The Shawshank Redemption

Review by Gary Couzens

At this time of year, the cinema trade press (Variety, Screen International etc) carry large adverts touting certain films for Oscar consideration. In this particular case, watch them play down the fact that it's a Stephen King adaptation, as that would lead one to expect a horror film.

The Shawshank Redemption (based on the Different Seasons novella, ‘Rita Hayworth and Shawshank Redemption’) is not a horror film. In 1946, Andy Dufresne (Tim Robbins) is sentenced to life for the murder of his wife. Sent to the brutal Shawshank prison, he approaches the local ‘fixer’, Red (Morgan Freeman) with a strange request: a rock hammer and a poster of Rita Hayworth…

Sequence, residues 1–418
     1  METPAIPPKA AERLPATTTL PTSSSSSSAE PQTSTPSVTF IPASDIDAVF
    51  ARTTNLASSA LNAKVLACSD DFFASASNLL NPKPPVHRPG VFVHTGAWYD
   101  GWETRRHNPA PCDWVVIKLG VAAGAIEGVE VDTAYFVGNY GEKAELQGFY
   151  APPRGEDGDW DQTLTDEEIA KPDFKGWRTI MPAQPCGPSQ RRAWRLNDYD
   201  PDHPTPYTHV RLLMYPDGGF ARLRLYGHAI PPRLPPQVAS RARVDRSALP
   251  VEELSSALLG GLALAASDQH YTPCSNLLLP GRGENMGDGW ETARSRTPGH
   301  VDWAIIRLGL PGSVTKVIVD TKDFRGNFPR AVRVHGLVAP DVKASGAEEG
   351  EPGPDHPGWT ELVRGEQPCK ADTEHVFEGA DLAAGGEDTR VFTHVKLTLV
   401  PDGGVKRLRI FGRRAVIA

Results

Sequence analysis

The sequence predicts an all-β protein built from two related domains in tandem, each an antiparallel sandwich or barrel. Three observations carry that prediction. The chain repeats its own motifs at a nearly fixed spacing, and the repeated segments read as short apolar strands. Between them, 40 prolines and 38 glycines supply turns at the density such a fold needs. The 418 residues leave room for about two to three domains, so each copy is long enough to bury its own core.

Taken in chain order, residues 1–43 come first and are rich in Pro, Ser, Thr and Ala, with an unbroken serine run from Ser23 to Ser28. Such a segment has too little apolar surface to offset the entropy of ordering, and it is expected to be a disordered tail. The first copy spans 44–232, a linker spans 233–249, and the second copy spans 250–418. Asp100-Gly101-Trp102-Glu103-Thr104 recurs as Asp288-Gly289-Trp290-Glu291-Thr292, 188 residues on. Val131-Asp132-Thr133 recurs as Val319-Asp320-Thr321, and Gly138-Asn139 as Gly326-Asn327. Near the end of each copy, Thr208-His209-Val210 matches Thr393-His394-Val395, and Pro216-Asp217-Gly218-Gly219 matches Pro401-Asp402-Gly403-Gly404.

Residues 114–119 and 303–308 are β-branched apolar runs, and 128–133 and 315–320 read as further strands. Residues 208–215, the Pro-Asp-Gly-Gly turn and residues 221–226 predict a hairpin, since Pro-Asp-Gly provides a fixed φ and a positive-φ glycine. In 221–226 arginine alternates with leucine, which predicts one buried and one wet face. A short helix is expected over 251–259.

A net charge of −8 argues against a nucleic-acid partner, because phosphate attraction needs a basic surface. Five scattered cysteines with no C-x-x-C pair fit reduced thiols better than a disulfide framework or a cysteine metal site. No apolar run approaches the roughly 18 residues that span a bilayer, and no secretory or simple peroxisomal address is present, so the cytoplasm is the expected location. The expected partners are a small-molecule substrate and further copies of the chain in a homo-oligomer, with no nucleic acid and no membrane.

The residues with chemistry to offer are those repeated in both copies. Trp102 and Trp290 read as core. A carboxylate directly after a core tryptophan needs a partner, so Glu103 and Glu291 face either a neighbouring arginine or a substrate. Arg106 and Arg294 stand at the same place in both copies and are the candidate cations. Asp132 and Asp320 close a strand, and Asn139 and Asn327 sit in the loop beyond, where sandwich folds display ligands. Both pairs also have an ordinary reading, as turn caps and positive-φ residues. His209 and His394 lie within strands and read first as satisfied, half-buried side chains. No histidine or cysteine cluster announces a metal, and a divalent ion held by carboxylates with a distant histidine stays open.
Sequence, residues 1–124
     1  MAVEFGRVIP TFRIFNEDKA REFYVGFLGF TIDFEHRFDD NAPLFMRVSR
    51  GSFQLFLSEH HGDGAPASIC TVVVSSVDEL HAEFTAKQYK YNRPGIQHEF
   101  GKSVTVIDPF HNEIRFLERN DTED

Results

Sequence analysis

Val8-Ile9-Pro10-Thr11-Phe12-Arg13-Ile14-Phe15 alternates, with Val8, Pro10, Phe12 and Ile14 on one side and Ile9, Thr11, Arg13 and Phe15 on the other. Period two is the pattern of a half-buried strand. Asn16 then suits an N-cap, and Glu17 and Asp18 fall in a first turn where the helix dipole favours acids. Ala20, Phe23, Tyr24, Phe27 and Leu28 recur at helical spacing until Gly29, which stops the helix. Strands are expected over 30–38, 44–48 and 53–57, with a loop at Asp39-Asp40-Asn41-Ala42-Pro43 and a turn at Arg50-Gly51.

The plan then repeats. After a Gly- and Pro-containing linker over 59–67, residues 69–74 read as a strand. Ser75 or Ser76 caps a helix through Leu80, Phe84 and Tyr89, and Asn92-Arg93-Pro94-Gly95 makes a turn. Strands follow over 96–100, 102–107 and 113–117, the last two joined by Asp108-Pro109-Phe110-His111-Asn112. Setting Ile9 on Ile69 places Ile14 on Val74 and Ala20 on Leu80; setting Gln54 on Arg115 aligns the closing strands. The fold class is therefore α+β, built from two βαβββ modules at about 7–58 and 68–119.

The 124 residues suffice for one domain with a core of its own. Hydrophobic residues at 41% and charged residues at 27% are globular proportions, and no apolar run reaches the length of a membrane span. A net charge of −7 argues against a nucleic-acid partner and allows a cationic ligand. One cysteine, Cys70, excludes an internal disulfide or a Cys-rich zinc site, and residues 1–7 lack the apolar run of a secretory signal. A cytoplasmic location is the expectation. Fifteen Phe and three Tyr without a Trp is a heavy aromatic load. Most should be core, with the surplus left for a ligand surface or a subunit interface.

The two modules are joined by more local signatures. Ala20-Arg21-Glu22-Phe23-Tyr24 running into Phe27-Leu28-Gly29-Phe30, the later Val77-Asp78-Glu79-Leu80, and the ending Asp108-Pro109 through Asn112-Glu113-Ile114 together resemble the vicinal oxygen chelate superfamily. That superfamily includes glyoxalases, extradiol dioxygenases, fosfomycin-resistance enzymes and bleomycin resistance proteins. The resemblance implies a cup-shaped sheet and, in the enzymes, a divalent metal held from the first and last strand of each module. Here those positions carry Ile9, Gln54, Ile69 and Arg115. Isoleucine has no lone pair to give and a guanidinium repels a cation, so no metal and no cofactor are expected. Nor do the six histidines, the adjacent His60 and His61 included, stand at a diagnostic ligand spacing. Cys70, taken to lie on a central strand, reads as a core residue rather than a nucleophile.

The Shawshank Redemption is an excellent if overlong film which tells an absorbing story of survival against the odds. It would be unfair to tell too much of the plot, but the surprise ending is well prepared through an accumulation of insignificant-seeming details. First-time feature director Frank Darabont (he previously directed two TV movies and had a hand in the scripts for The Fly II, The Blob and Mary Shelley’s Frankenstein) basically lets a good story tell itself, with the help of a top-notch cast and crew. However, at its present length (141 minutes) it’s definitely in need of trimming: the film’s epilogue should really have been got over with in five minutes instead of the fifteen it actually takes. Well worth seeing all the same.

This review originally appeared in the January/February 1995 issue of the BFS Newsletter (Vol. 19, No. 1).